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SAUNDERS: Biden to Black students: You’re nothing without me

WASHINGTON

Rapper Cardi B told Rolling Stone that she won’t vote in November. It was bad news for President Joe Biden, since the influential entertainer, who describes herself as Afro-Latina, endorsed him in 2020.

At 31, Ms. B stands out as one of many younger and minority Americans who feel that the Biden administration isn’t delivering what they wanted. She told Rolling Stone that between the high cost of living and U.S. aid to Ukraine and Israel, “I feel like people got betrayed.”

In November, a survey by The New York Times and Siena College found that 22 percent of Black voters in key battleground states said they’d vote for former President Donald Trump — a big leap from the 8 percent of the Black vote Trump won in 2020, according to the Pew Research Center.

A more recent Times/Siena sampling of voters under age 45 found that 70 percent disapprove of President Biden.

Team Biden is acutely aware of the need to boost enthusiasm — and participation — among these two heavily Democratic-leaning demographics.

So eyes were on the president’s Sunday commencement address at the historically Black Morehouse College in Atlanta.

“You started college just as George Floyd was murdered and there was a reckoning on race. It’s natural to wonder if democracy you hear about actually works for you,” Biden, 81, told the graduates and their families.

“What is democracy if Black men are being killed in the street?”

Of course, Biden is free to engage in grievance politics, but his remarks about democracy not working for Black people may have turned off those who see more progress than the president chose to acknowledge.

It’s instructive that Biden’s speech generated what Politico described as “mild applause” among Morehouse graduates, a small number of whom turned their backs as Biden spoke, while others wore pro-Palestinian accessories.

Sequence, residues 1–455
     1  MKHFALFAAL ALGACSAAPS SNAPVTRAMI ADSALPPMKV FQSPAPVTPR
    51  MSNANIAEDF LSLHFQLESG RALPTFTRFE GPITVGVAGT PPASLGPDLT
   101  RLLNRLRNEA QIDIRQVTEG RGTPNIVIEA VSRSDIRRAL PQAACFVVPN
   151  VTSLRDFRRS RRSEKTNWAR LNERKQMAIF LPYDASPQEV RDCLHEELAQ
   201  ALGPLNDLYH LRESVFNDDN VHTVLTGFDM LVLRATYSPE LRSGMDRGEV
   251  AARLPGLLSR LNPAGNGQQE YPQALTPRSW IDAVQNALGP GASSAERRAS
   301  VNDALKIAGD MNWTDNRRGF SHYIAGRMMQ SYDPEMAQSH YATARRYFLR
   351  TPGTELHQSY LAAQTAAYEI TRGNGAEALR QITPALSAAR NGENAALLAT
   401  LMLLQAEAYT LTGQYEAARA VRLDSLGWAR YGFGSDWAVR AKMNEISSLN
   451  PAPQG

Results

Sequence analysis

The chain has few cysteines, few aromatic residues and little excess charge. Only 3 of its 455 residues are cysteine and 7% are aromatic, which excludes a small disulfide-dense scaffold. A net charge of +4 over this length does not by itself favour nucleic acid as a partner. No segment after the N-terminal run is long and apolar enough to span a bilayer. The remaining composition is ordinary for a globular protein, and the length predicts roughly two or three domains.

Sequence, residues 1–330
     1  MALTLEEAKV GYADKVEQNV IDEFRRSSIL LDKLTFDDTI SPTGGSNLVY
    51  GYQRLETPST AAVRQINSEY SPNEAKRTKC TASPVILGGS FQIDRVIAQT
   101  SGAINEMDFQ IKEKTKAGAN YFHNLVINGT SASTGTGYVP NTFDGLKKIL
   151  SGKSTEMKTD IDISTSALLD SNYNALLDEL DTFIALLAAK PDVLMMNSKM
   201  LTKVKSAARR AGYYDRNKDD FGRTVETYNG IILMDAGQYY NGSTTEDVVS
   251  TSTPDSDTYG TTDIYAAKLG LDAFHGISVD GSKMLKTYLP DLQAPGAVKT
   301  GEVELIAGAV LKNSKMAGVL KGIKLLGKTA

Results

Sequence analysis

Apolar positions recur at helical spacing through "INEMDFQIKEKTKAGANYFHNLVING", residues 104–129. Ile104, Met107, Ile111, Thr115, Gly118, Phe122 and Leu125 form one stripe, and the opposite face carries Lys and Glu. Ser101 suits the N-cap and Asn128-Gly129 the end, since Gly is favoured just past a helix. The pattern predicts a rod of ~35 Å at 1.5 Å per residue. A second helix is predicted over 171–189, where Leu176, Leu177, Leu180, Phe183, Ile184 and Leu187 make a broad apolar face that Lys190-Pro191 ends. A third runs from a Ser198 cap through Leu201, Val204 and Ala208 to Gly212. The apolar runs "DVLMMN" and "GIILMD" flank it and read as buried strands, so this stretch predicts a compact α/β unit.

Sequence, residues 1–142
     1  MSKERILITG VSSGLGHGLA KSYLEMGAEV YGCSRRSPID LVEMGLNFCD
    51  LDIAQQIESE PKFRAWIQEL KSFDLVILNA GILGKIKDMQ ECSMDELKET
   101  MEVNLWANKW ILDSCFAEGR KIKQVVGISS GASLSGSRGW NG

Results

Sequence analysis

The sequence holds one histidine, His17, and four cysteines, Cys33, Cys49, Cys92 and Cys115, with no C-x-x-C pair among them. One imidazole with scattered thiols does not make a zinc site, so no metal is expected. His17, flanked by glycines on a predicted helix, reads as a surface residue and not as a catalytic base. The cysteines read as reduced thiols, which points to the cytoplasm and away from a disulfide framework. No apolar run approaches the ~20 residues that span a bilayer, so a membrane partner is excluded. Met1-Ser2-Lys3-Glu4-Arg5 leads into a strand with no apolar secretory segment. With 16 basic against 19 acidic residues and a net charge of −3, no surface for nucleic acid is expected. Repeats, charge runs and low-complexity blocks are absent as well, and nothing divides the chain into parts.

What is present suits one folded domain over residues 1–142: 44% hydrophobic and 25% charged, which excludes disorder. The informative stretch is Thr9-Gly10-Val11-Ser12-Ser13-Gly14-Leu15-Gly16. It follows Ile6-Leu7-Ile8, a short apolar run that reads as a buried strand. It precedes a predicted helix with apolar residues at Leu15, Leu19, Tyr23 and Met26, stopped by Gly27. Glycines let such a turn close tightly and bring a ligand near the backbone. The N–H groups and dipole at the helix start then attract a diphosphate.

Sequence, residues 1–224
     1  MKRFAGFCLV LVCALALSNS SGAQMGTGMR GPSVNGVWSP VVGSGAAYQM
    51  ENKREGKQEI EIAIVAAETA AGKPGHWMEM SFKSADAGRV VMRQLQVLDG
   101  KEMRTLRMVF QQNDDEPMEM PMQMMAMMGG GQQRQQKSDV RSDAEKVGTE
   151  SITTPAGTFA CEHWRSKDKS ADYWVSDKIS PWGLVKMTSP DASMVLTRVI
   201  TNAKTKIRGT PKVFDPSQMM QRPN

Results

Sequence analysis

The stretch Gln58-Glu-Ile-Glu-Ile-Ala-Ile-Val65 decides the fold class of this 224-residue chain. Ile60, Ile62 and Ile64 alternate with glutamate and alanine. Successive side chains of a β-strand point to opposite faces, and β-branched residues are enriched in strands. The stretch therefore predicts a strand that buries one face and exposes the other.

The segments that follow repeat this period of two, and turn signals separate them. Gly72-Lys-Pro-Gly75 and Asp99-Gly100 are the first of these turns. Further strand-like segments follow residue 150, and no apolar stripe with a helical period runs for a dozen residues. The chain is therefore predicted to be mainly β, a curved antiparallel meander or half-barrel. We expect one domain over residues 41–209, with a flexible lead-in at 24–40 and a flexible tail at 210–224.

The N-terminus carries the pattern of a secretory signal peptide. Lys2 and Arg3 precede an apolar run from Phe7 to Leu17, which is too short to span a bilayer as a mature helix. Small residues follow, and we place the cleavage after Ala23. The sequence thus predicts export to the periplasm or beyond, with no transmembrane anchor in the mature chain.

(Before the speech, Morehouse President David A. Thomas told students the college would not allow disruptive behavior. “I have also made a decision that we will also not ask police to take individuals out of commencement in zip ties. If faced with the choice, I will cease the ceremonies on the spot.”)

The Morehouse remarks were the 2024 version of Biden’s efforts to woo Black voters in 2020, when he told radio talk-show host Charlamagne tha God, “If you have a problem figuring out whether you’re for me or Trump, then you ain’t Black.”

Mockery ensued.

Back to Biden and his efforts to retain a hold on registered Black voters who, according to Pew, say they would prefer to vote for Biden over Trump by a margin of 77 percent to 18 percent.

Biden can’t afford to lose a modest percentage of that voting bloc, so Biden is resorting to fear-mongering. He’s telling Black Americans: You’re nothing without me.

This is not a first. In 2012, the then-vice president told a racially-diverse audience that if Republican nominee Mitt Romney were elected president, “They’re going to put you all back in chains.”

Now he’s essentially saying that democracy doesn’t work for Black people.

So why would Black people or young Americans vote for him?

Contact Review-Journal Washington columnist Debra J. Saunders at dsaunders@reviewjournal.com. Follow @debrajsaunders on X.

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